T-Mobile and Sprint have filed with the FCC for approval of their proposed merger, and promised in their public interest statement that the deal would create more jobs, more choice in video and business service, and world-class 5G service, while lowering consumer prices and helping close the rural high-speed divide.
They said the goal is to beat AT&T and Verizon, not emulate them.
That is according to a copy of the redacted merger application and public interest statement from the two companies.
They pointed to Verizon and AT&T getting into other businesses, saying that is not their strategy.
"Verizon and AT&T are investing in a wide array of businesses in recognition of a converging broadband market, and therefore their interests and resources are spread across a lot of areas," T-Mobile and Sprint told the FCC. AT&T has just closed on its deal to acquire Time Warner and its programming assets, for example.
"New T-Mobile will be laser-focused on improved broadband connectivity at a lower price," the companies said. "This means New T-Mobile will not be coordinating with AT&T, Verizon or other large players to increase prices or restrict the amount of data delivered per dollar."
The deal will be a merger of Sprint into T-Mobile as an indirect subsidiary of T-Mobile and a direct subsidiary of T-Mobile USA, which is itself a subsidiary of T-Mobile. John Legere, CEO of T-Mobile will be CEO of the combined company, with T-Mobile president Mike Sievert serving as president and COO of the combined company.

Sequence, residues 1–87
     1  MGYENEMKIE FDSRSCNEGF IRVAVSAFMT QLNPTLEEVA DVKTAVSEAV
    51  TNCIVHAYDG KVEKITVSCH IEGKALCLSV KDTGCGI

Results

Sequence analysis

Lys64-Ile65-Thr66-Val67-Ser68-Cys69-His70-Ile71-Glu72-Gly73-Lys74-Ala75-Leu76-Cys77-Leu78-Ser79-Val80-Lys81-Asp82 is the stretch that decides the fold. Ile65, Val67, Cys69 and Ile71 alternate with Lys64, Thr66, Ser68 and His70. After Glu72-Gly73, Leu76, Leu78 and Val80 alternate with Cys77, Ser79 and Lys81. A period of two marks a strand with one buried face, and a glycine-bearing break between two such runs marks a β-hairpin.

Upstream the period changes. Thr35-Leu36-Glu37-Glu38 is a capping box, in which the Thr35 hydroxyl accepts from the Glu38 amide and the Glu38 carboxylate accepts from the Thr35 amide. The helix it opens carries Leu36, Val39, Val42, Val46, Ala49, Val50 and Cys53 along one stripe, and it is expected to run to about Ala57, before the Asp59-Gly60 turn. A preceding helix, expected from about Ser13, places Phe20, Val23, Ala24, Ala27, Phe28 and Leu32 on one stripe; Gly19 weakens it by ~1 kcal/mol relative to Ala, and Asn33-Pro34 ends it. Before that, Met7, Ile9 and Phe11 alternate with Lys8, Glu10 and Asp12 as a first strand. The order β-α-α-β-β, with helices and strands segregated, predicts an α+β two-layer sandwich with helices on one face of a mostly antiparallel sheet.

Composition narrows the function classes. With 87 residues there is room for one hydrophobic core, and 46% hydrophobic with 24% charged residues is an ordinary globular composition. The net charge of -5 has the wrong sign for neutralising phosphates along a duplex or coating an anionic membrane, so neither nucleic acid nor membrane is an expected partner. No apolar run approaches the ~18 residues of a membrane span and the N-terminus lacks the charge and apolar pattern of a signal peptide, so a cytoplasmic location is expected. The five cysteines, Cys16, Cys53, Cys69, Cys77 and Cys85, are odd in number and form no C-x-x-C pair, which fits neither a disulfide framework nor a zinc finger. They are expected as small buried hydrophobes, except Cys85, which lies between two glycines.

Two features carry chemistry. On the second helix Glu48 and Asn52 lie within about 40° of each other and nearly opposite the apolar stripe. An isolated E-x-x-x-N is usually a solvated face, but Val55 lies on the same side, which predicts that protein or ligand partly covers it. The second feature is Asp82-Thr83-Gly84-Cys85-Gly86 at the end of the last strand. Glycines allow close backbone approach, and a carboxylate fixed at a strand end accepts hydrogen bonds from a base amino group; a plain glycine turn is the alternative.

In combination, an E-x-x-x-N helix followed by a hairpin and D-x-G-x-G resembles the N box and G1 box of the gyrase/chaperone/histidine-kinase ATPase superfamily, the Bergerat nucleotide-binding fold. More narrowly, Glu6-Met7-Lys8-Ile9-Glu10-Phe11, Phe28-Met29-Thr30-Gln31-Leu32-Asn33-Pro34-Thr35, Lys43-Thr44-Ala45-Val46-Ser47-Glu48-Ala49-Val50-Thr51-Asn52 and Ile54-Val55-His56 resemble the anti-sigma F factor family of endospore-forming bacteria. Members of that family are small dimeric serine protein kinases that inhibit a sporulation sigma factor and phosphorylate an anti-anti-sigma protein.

"This proposed merger is necessary to accomplish a goal critical to enhancing consumer welfare in this country," the companies told the commission; that goal is "the rapid and widespread deployment of 5G networks in a market structure that spurs rivals to invest in a huge increase in capacity, and, correspondingly, to drop tremendously the price of data per gigabyte. New T-Mobile will be able to leverage a unique combination of complementary assets to unlock massive synergies in order to build a world-leading nationwide 5G network that will deliver unprecedented services to consumers, increasingly disrupt the wireless industry, and ensure U.S. leadership in the race to 5G."
“I’m sure the FCC will give the proposed T-Mobile/Sprint merger careful consideration. But it shouldn’t begin with any preconceived notions about market power and market definition. In a rapidly changing and technologically dynamic marketplace, there simply is no place for simplistic catechisms like 'no 4 to 3 merger’ that purport to dictate the outcome of the market power analysis," said Free State Foundation President Randolph May. “The FCC’s indeterminate 'public interest' standard, by definition, is an invitation for abuse as special pleaders of one sort or another seek to deny, slow down, or condition the merger to advance their own particular interests. It’s hard to blame the special pleaders for trying to use the process for their own ends. But the FCC — especially this reform-minded FCC — should not aid and abet this age-old phenomenon."